There are lots of chemicals, otherwise known as cannabinoids, found in the cannabis plant. Tetrahydrocannabinol (THC), cannabidiol (CBD), cannabichromene (CBC), tetrahydrocannabivarin (THCV), cannabigerol (CBG) and cannabinol (CBN) are known as the “big six” cannabinoids. You’ve probably heard of most of them, especially if you’ve read some of our earlier cannabis science blogs. They are cannabinoids found in higher amounts in the cannabis plant compared to other cannabinoids, as well as being cannabinoids of particular medical interest.
Now, to get a little bit confusing, CBC, THCV, CBG and CBN are considered minor cannabinoids. Only THC and CBD are considered the major cannabinoids. However, as we’ve already looked at the big 6, we’ll take a look at some of the other cannabinoids that could have some therapeutic properties. This blog explores 10 rarer cannabinoids and how they could be used by medical cannabis patients.
1. Tetrahydrocannabiphorol (THCP)
Recently discovered by researchers Guiseppe Cannazza and several others, THCP is a cannabinoid that is thought to have a 33-fold greater affinity to CB1 receptors than THC. This means that THCP is more psychoactive than THC. THCP tends to show up in extremely low concentrations when it does show up, but some varieties of cannabis may produce more THCP and be particularly potent.
2. Tetrahydrocannabutol (THCB)
Discovered at the same time as THCP, and also showing greater affinity for CB1 receptors than THC – this time about 15 times greater. Also found in small concentrations, suggesting that it rarely imparts any significant psychoactive effect. However, as with THCP, some varieties of cannabis may contain larger amounts of THCB. These cannabinoids may be of interest for those who are suffering from moderate to severe chronic pain.
Although THCB and THCP have the same chemical formula as THC, they have longer alkyl side-chains (7 compared to THC’s 5), making them more potent.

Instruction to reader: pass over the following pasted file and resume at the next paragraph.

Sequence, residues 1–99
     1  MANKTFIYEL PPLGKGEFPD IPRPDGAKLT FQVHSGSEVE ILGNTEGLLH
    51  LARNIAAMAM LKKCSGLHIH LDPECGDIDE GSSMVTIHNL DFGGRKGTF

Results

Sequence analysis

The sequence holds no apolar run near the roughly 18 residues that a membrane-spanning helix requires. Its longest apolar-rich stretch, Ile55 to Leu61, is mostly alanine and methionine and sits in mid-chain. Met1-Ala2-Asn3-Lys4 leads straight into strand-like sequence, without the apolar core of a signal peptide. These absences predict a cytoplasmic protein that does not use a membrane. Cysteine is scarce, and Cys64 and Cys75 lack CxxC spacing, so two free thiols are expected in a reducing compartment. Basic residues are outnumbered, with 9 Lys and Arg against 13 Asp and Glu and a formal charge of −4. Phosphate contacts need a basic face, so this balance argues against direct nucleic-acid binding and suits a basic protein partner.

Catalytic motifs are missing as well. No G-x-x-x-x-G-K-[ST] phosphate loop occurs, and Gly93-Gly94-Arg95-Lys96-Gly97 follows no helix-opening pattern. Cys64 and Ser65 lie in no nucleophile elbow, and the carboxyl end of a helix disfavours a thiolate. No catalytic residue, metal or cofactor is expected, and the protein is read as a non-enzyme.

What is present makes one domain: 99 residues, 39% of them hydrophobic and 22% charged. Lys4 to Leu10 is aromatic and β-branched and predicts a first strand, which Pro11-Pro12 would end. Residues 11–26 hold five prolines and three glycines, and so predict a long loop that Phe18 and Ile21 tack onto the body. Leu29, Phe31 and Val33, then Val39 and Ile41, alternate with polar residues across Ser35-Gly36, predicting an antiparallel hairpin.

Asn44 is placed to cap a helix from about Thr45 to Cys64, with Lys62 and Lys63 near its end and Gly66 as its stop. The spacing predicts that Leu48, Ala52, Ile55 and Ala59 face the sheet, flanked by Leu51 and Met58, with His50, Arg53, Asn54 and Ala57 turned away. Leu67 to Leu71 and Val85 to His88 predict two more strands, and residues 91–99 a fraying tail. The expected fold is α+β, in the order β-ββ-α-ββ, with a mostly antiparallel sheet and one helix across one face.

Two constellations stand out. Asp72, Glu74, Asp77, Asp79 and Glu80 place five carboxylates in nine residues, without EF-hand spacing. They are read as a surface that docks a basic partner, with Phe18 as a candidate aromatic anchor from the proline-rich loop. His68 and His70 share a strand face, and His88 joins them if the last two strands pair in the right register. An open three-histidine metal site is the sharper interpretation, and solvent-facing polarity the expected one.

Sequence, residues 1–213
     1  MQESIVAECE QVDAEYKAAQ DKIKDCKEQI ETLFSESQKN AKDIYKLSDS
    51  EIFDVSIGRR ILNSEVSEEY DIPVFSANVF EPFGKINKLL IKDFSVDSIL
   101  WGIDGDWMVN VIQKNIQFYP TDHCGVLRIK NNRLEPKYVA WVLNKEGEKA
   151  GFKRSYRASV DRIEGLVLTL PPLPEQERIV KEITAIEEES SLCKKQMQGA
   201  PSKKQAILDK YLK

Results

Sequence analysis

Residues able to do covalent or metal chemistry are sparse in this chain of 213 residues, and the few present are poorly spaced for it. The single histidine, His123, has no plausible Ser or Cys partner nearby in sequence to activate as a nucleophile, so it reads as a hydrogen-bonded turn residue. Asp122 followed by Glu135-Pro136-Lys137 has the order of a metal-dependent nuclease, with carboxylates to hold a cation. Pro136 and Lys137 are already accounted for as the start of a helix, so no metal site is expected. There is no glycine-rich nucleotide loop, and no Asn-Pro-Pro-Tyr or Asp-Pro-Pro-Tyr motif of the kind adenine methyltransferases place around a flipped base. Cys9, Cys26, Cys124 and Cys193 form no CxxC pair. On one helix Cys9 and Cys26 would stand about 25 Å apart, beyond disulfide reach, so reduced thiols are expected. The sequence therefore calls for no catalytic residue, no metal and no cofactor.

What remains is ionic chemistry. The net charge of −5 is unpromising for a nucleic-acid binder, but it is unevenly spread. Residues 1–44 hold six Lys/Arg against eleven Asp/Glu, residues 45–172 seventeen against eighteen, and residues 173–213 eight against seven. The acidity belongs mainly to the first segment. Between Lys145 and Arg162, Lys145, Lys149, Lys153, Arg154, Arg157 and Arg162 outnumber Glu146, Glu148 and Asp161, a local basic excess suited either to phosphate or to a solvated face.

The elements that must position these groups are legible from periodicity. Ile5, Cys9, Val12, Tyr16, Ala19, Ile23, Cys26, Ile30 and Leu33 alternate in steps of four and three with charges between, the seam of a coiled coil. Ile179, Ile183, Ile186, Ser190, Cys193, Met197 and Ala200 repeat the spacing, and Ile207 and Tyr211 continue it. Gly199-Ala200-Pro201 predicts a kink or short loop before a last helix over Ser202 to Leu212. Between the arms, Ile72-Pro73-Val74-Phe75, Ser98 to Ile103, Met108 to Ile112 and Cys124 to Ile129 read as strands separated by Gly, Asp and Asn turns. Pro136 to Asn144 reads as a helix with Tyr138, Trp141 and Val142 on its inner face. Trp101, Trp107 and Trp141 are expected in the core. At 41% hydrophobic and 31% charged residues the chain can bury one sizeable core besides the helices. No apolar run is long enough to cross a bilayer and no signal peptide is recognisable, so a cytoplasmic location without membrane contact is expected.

3. Cannabidivarin (CBDV)
Cannabidivarin is a homolog of CBD, i.e. they are very similar to each other, with the only difference being that the side-chain is shortened by two methylene bridges. CBDV is non-psychoactive, and could be useful as an antispasmodic and anticonvulsant for the treatment of epilepsy.
4. Cannabielsoin (CBE)
CBE is a metabolite of CBD. This means that, when CBD is processed by the body, one of the cannabinoids it turns into is CBE. There are no pharmacological uses described for CBE so far.
5. Cannabicyclol (CBL)
CBL is a degradative product of CBC, usually formed after exposure to sunlight. Very little is known about CBL, and this is the case of most cannabinoids outside of the big six due to the fact that they are found in such low amounts in the plant. CBL has been shown to have very little biological activity.
6. Cannabichromevarin (CBCV)
CBCV was discovered in 1975 in Thailand by the group of researchers from the University of Nagasaki. The chemical structure of CBCV is similar to CBC, but has a much shorter propyl group. Although little is known about CBCV, and CBCV is not active at cannabinoid receptors as far as we know, it could combine with other cannabinoids for its anti-tumor effects.
7. Cannabivarin (CBV)
CBV is similar to CBN, except the side-chain is shortened by two methylene bridges (-CH2-). Another difference is that CBV is an oxidized product of THCV. CBV is not considered to be psychoactive, We have very little knowledge about CBV and its potential medical applications. Its precursor, THCV, definitely does have many potential therapeutic uses, though.
8. Cannabicitran (CRM, CBT or CBM)
CRM comes from CBC. As with many of the other minor cannabinoids, very little is known about the pharmacological effects of CRM.
9. Cannabitriol (CBT C5)
Many people get confused between cannabitriol and cannabicitran, as they share the same three-letter acronym. However, they are quite different. CBT C5 has a similar structure to THC, but it is not known if it has similar psychoactive properties.
10. Cannabigerol Monomethyl Ether (CBGM)
CBGM is a cannabinoid classified into the CBG group. CBGM is similar to CBG in that it may be useful for conditions like Crohn’s disease, cancer and arthritis. However, even slight changes in chemical structure can make a difference in effects, and it can be difficult to determine any differences when CBG and CBGM come together, and CBGM is in much lower concentrations.
The Minor Cannabinoids: Overall
Even though many of the minor cannabinoids are often grouped together with the big 6 cannabinoids, small changes in a cannabinoid’s structure can cause vastly different physiological effects. They are also usually present in much smaller amounts compared to other cannabinoids, and often come as a package with them too, making it even more difficult to separate them out and get an idea of their effects on the human body.
However, there is much interest in these smaller cannabinoid groups for their unique effects (when they have them in the first instance). Expect to see a greater number of varieties in the future with greater concentrations of these minor cannabinoids.